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| May 9, 2012
Product Review: Incipio iPad Folio Cases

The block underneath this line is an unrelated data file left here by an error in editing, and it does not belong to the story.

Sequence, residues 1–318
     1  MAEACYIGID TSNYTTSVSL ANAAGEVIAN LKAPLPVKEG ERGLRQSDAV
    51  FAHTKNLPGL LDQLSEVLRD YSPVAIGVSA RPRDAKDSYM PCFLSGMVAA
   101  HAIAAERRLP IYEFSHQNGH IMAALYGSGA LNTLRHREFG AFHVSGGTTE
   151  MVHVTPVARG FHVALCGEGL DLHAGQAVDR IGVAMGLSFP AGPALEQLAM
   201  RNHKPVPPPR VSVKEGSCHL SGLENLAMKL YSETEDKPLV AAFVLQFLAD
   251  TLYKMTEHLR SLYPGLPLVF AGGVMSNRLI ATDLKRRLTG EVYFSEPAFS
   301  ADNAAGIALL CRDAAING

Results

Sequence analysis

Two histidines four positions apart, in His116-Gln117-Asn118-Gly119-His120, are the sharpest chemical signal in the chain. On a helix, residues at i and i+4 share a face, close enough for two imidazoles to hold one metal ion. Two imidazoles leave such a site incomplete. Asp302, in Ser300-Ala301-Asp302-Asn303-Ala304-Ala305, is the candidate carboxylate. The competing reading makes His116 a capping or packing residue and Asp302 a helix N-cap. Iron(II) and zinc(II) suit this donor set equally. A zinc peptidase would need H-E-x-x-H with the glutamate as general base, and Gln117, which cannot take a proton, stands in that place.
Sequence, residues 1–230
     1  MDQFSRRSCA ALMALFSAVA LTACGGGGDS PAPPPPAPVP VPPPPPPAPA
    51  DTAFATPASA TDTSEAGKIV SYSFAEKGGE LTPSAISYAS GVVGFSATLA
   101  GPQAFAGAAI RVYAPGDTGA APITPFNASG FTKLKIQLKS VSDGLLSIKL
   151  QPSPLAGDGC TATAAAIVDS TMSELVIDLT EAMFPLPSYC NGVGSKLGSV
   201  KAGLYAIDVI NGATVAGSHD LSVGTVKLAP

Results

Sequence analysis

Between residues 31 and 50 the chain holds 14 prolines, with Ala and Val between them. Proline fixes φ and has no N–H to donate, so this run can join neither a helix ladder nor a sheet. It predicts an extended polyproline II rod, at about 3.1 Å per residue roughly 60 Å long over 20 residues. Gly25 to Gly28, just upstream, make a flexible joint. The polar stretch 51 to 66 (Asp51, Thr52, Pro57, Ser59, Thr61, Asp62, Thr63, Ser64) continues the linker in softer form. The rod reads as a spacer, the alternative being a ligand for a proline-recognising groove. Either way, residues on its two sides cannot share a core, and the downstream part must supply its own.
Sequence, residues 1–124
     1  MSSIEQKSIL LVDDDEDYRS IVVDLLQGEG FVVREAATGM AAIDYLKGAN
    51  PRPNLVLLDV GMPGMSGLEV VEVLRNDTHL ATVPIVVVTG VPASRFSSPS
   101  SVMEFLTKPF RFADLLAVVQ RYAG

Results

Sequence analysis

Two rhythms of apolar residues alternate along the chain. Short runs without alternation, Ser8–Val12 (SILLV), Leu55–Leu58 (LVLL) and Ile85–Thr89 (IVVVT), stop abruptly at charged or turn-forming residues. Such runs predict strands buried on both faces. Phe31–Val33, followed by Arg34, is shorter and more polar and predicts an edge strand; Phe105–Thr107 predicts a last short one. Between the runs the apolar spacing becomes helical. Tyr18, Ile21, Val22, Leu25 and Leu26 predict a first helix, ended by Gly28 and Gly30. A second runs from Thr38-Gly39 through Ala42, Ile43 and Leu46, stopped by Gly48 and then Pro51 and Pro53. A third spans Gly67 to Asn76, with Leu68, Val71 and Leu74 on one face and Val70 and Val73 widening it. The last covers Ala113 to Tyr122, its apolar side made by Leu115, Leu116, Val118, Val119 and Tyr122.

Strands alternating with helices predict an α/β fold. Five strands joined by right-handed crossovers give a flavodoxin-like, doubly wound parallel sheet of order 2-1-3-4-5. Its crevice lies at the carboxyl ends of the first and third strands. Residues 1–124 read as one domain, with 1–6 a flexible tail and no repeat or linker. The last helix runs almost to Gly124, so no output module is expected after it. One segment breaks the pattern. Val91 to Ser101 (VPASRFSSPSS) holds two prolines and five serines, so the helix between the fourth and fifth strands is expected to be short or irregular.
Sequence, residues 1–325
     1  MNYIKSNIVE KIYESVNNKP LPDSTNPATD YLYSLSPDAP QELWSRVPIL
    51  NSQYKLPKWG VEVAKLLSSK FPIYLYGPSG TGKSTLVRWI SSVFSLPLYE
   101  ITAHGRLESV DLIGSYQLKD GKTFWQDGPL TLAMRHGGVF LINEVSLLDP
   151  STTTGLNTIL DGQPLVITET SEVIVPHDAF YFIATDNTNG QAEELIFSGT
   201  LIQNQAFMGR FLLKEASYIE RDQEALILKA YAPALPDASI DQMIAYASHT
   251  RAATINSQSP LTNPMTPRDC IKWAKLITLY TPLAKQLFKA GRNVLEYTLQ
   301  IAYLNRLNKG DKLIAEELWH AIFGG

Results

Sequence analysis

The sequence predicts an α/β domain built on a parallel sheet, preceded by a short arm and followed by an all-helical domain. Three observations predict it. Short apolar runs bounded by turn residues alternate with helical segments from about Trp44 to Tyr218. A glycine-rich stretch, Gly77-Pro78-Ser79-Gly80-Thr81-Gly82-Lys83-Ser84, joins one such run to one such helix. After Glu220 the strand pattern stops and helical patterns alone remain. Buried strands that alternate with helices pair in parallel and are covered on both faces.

Are you still on the search for the best case for your new iPad? We know the search is hard with all the folios, shells, and Smart Covers available, but we reached out to accessory manufacturer, Incipio, to see if they could help us find the best iPad cases available. We had a chance to spend some time with some of Incipio's new offerings, and we'd like to share our thoughts and what we liked (or didn't). [/caption] This is as basic as folio cases get. This polycarbonate and vegan leather case keeps your iPad fully protected. An elastic strap is the method of choice for providing a secure closure. Pros: This case is very comfortable to hold. Slipping the elastic band on and off is satisfyingly easy, especially when you're in a hurry. The case's vegan leather cover looks great. Cons: When used as a stand, the grooves that hold your iPad in place are a bit too shallow, which causes the iPad to fall with the lightest of taps. You can't set this stand up to be used for an angled typing position. Verdict: This is a nice folio-style case that provides full protection of your iPad when closed and looks incredibly slick while doing so. However, it falls short in its execution as a stand. [/caption] This case is made from a stiff polycarbonate with faux carbon fiber and brushed aluminum accents. The microfiber-lined cover works with the iPad's automatic sleep and wake functionality and also features eight notches to stand your iPad at just the right angle. Pros: As far as looks go, this may be Incipio's best. Fashion aside, the Flagship Folio functions as promised. Cons: If the case had been made of real carbon fiber, then it's price tag would be justifiable. While the addition of aluminum adds a sense of strength to the case, the hinge feels a bit cheap. There was a fair amount of left to right play at the base of the hinge on the unit we tested. Verdict: If its price doesn't bother you, the Flagship Folio is a decent choice to protect your iPad, despite its disappointing hinge. [/caption] The LGND puts a twist (or fold?) on folio cases. Its front cover can be folded into itself to be used as either a typing or display stand. Like the Flagship Folio, the LGND can also utilize the iPad's sleep/wake functions upon opening or closing the case. Pros: None. Cons: The idea of the LGND is nice; it's quirky and different. However, its execution is lacking and frankly, doesn't work well. The spine of this case is a flexible suede material that allows the cover to slip on the iPad's surface when closed. This causes your iPad to either wake or sleep unnecessarily if it's in a bag or being moved. When used as a stand, using your iPad will cause the case to pivot at its flexible spine. Verdict: The LGND is a good idea, but falls short in execution. [/caption] The base of the Lexington is a hard polycarbonate, which is covered with soft, vegan leather. The front cover features a tab that buckles into a tab on the backside to prove a secure closure. Other than providing complete protection for your iPad, the Lexington can also be used as a stand for display, as well as typing. Pros: Although the Lexington isn't much thicker than Incipio's other offerings, it feels much more solid than the rest. I would (almost) be okay with dropping it with my iPad inside. The case uses the same folded position for typing or displaying the iPad, both of which are at the perfect angles. Cons: None. Verdict: For its price, the Lexington provides the best protection and all-around features. Plus, it's quite the looker. All in all, Incipio has some solid candidates for your next iPad case, although we can't say for sure that any of these are must-have choices. These cases will get the job done, but none scream "perfect!" To see Incipio's other offerings, as well as a more detailed look at the cases we featured, visit their website. Of the iPad cases you've tried, what are some of your favorites?